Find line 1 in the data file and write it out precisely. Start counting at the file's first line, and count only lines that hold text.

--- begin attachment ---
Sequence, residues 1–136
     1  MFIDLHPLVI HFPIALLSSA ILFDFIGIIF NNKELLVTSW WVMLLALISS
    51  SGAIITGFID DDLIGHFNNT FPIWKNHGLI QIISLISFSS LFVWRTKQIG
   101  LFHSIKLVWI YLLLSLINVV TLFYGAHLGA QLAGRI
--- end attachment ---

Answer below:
Sequence, residues 1–136